China has warned that one of its longest waterways, the Yellow River, is in danger of bursting its banks.
The warning follows heavy rain in the north of China.
The south has also been hit by bad weather. Dozens of people are dead after heavy storms, and more than a million have had to leave their homes.
At least 20 people have died in the province of Guangdong, and the authorities there say economic losses are extensive.
More rain is expected to batter both regions in the coming days.
The national meteorological service warned that the 5,500 km (3,400 mile) Yellow River might see "quite large" floods this year, according to the state news agency Xinhua.
Millions of people live along the river, but according to the BBC's Dan Griffiths in Beijing it is not clear how many might be affected if the river breaches its banks.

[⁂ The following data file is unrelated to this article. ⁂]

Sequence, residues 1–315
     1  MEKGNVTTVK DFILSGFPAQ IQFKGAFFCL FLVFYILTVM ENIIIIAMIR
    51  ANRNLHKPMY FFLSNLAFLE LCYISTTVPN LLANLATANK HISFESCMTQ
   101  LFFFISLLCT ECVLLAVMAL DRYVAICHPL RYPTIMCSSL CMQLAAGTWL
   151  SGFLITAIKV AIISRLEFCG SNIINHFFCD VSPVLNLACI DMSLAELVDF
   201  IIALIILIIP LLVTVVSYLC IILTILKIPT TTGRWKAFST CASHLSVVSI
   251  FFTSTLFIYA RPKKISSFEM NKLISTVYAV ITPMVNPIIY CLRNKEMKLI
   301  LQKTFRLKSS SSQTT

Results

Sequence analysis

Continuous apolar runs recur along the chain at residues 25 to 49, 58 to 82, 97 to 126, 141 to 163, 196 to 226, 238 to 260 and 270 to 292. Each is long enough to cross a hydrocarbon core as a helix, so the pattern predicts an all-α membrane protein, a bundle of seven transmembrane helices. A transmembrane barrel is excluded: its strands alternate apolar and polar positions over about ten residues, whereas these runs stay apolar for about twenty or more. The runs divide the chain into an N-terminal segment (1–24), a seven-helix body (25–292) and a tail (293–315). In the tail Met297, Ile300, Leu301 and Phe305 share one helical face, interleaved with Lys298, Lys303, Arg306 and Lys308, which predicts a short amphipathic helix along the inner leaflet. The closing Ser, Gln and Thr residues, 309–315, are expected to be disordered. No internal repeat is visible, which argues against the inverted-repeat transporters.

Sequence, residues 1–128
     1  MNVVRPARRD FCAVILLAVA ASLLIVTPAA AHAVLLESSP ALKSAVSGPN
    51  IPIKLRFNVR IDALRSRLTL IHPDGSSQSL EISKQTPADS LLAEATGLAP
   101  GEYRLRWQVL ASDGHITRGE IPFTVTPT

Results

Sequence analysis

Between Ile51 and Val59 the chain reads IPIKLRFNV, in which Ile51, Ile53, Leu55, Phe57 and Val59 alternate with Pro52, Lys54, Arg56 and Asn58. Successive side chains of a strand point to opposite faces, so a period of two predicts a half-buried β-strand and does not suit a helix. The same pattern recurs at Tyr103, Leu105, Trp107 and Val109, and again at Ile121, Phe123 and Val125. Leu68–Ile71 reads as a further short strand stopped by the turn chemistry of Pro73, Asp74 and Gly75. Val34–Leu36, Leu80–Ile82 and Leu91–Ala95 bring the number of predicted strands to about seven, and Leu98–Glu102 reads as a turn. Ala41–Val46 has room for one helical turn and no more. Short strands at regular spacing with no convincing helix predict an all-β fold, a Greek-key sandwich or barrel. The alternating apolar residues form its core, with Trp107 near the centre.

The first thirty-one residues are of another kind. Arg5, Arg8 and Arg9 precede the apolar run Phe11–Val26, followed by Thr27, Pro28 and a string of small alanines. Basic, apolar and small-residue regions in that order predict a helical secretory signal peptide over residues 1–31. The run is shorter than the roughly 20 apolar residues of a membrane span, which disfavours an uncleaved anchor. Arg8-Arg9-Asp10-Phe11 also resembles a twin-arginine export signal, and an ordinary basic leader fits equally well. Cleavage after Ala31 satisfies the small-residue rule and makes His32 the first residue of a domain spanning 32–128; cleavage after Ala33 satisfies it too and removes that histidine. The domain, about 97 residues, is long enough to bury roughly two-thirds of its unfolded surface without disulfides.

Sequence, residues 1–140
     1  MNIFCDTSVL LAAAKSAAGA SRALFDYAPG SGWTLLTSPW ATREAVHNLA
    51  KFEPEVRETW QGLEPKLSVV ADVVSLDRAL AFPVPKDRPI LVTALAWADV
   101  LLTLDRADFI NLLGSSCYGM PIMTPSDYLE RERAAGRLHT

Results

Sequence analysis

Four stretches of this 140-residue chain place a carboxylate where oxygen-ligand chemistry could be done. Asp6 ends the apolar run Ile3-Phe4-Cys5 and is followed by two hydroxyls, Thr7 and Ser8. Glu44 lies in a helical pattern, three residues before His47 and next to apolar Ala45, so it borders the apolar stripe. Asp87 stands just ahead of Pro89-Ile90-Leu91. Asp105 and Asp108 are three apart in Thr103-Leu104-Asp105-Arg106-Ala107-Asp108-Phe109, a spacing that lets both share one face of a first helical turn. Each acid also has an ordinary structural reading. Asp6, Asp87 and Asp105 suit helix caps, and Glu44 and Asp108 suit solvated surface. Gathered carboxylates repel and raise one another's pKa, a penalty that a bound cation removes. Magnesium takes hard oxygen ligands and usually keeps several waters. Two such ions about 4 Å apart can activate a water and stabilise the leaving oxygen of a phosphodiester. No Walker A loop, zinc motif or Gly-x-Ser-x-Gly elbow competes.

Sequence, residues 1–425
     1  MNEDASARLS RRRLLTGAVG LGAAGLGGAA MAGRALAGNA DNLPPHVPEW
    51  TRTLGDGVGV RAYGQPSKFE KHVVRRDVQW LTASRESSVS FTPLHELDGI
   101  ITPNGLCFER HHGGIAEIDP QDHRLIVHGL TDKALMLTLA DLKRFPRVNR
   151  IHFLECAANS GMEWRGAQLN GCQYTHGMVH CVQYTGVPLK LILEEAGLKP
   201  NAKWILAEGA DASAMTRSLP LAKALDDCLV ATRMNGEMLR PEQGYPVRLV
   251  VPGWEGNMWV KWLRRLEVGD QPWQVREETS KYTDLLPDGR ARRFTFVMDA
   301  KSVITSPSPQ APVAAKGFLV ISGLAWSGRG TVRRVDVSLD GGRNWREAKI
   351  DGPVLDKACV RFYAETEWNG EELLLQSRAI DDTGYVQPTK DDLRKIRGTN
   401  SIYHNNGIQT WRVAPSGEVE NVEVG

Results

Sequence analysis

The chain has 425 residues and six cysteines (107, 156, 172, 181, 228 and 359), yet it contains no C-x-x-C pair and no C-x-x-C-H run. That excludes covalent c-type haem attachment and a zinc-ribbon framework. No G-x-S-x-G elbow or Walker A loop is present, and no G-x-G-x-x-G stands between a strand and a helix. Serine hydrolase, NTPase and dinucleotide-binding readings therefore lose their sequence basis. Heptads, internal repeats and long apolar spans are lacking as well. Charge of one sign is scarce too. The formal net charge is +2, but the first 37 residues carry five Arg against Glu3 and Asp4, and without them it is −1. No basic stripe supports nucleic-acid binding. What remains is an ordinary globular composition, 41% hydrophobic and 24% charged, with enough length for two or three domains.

The river is the second longest in the nation, and is often referred to as China's sorrow because of its long history of devastating floods.
Elsewhere torrential rain has continued to batter several provinces in southern China, leading to widespread flooding.
At least 57 people have died, and 1.27 million others have fled their homes, state media reported on Monday.
The flooding has submerged large areas of farmland and destroyed thousands of homes in Guangdong and Jiangxi provinces.
The flooding in the Pearl river delta is the worst for 50 years, submerging large areas of farmland and destroying thousands of homes in Guangdong, and prompting the local government to issue an emergency flood alert.
"A major flood is feared if rain continues," Huang Boqing, deputy director of the province's flood control and drought relief headquarters, told the China Daily newspaper.
In all the torrential downpours have affected nine provinces - one of which, Sichuan, is still reeling from last month's massive earthquake.
Some 87,000 people were killed or reported missing after the 12 May earthquake.
China 's rainy season causes chaos every year, often leaving many dead and forcing millions to leave their homes.
In the past, the Chinese authorities have warned that climate change may make the problem worse, our correspondent says.